A Simple Way to Make a Homebrewed Eisbock without a Keg
In December of 2009, I did a co-brew with a friend and made a doppelbock and an eisbock. That eisbock (named “Fargin Eishole“) ended up doing well enough to make it to the final round of the National Homebrew Competition in 2010. (I squeaked in a cider, as well, that year.) It was a pretty good beer, but I’d tweak up the alcohol and a few other factors with a re-brew. (I won’t be posting a recipe for the Eisbock. It was basically Jamil Z’s “Steve’s Fifty”, and I’m not taking money out of his pocket. If you don’t own his book, Brewing Classic Styles, you should.)
At the end of 2010, based on a dare of course, I returned to the world of absurdity and made an eis-barleywine. Weighing in at over 15% ABV, that one was a bit of a beast and will deserve a separate post and tasting of its own. (Coming soon…) “Eis”ing the English barleywine hit a minor glitch, but I’ll talk about that towards the end of the post.
But it hadn’t occurred to me, until recently, to put up a blog post about making eis-beers. There are two big challenges to making an eisbock. First, you have to make a really, really clean beer because the cold distillation will magnify any flaw. Second, there’s the matter of freezing the right amount of water in the finished beer and then getting that distilled beer back out again. Every time I had heard someone talk about making an eis-beer, it involved using a keg. That wasn’t going to work for me since I do not keg*.
Making that clean and well balanced beer, well, that is a topic worthy of an entire book. And others have done so. So I’m going to focus on the second challenge with this post.
The trick of an eisbeer, for me, was getting the beer frozen and back out again since I use glass carboys. The solution I came up with was racking my beer into a sealable bottling bucket and freezing it in there. The elegance of that solution is that the ice (now just frozen water) floats to the surface of the bucket and the distilled beer is towards the bottom of the bucket and close to the bucket’s spigot. Once you can see that the ice portion of the bucket is ~20% of the beer, it is time to rack.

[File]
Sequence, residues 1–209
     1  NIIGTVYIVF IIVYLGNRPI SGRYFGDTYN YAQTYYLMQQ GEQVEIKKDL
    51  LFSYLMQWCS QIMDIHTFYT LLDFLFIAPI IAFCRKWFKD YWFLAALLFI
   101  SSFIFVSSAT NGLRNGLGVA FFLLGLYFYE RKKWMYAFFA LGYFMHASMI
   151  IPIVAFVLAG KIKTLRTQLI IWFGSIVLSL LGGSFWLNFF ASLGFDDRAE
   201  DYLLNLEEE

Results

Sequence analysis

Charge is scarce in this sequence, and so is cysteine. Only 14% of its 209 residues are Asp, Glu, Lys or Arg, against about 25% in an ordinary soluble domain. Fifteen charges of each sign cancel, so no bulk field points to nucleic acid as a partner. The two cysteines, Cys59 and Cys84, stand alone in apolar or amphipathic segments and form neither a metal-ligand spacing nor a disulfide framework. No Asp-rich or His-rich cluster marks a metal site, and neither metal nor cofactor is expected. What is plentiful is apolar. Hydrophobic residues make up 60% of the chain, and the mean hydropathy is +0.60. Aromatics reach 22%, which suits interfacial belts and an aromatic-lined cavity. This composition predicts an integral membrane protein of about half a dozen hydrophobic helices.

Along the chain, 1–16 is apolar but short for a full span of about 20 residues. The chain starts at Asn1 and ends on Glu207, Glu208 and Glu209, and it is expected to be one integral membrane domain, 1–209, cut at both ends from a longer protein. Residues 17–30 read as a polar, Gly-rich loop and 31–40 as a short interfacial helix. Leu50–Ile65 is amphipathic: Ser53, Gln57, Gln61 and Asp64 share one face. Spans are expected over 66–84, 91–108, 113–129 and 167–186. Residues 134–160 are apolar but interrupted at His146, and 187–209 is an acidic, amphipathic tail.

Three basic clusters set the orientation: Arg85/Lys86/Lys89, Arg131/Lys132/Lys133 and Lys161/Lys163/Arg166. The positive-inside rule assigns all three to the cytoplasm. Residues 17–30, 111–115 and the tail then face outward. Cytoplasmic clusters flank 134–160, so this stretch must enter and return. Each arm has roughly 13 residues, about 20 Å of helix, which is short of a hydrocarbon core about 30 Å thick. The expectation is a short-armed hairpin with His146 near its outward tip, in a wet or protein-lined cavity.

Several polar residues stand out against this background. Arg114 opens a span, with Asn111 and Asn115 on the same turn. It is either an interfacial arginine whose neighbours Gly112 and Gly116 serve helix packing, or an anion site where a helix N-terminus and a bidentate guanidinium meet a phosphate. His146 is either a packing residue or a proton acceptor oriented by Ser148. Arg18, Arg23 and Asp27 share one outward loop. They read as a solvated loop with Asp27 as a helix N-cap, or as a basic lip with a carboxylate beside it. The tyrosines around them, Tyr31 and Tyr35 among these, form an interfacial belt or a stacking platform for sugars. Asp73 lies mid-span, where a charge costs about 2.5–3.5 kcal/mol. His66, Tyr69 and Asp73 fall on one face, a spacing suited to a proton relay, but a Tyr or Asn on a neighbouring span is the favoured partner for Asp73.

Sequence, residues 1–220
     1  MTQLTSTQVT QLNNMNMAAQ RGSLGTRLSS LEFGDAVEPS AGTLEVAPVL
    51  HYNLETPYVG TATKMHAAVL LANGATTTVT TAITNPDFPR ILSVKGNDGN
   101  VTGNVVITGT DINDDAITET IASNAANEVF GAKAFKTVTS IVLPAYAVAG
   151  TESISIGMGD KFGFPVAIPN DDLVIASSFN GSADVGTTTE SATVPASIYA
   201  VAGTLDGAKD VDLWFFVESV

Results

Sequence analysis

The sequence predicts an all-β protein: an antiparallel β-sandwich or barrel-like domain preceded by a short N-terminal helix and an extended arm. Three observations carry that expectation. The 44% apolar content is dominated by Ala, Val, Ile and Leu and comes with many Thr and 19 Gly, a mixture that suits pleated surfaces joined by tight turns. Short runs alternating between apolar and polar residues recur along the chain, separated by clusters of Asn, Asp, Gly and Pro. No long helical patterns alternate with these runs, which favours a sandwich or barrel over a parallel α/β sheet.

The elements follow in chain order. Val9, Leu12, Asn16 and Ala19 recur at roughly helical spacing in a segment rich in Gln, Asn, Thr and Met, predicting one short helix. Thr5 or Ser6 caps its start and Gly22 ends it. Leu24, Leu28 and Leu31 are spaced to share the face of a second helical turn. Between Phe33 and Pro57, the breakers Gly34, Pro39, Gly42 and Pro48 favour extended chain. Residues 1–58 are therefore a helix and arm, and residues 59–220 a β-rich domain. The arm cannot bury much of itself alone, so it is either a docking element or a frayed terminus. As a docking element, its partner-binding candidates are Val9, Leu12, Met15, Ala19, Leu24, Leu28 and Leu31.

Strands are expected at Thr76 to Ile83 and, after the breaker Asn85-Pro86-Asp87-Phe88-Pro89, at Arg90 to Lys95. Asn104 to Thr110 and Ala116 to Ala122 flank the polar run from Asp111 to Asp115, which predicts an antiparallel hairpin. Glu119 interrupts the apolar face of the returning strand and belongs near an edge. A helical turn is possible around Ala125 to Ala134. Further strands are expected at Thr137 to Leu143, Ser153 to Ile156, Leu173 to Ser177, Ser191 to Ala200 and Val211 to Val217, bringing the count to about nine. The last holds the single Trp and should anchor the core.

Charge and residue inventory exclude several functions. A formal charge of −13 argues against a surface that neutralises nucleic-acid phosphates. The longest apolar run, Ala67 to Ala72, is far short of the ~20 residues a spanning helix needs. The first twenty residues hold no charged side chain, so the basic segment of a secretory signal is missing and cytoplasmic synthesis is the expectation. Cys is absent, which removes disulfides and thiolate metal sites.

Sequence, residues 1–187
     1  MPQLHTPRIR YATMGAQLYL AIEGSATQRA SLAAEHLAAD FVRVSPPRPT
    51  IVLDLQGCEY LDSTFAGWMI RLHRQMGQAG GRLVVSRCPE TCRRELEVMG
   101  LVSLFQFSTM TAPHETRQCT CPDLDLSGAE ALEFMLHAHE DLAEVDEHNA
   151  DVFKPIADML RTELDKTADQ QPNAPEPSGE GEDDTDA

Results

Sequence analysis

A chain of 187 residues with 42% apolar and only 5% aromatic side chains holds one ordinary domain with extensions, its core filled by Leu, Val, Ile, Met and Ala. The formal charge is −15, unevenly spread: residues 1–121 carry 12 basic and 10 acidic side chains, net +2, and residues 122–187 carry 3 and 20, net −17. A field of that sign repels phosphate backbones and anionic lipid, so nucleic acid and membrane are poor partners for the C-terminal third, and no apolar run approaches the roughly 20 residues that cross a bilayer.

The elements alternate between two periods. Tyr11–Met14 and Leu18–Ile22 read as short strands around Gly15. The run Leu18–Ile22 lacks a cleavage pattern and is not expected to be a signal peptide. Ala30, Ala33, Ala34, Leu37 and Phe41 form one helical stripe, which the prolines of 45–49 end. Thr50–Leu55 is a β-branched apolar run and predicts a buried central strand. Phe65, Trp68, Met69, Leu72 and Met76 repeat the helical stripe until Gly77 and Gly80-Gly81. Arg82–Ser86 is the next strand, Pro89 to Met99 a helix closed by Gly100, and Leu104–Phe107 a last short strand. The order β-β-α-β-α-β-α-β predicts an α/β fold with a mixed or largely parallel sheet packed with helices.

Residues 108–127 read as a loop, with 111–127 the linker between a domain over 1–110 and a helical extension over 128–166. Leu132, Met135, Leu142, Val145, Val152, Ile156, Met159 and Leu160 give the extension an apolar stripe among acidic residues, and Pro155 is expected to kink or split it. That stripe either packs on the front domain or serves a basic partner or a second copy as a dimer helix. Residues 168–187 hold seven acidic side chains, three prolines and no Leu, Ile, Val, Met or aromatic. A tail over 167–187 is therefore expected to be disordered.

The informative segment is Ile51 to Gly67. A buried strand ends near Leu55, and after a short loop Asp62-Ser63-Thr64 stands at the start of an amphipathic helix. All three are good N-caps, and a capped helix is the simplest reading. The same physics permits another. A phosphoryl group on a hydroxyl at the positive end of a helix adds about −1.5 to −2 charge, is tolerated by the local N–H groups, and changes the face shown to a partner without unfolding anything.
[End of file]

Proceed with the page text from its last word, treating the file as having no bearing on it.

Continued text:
The bucket after the eis-beer had all been bottled.
How long does it take? That depends on your freezer, the size of the batch and the ABV of the beer. I think you’d be safe to check it after 24 hrs and ready to go at 48 hours.
When I did this with my eisbock, I bottled straight from the bucket. I did not re-pitch yeast, and I didn’t need to, and I used Cooper’s Carbonation Drops to prime. If you wish to keg, lager some more, or prime and re-pitch yeast, you’ll probably find yourself racking into another container. I get nervous about sanitation and splashing a beer about if I rack a beer more than twice, so I went straight to the bottles and that went smoothly.
The only real hiccup I had was when I was freezing the eis-barleywine last month. When I tried to bottle that one, the spigot was frozen solid. I’m guessing that happened because I left some diluted Star San diluted water in there while cleaning the bucket and didn’t drain it back out. I’d be careful to make sure that area is clean AND empty before you start to drain the bucket.
There you go, simple and easy. Let me know below if you have a different method of making eis-beers. As with all homebrewing, there isn’t a “right” answer, there’s just the way that works best for you.
* – I usually brew a lot and no one, save me, drinks beer in my house. Bottling is how I started and I love to share my beer, so that is what I still do. (Some 15 years later….)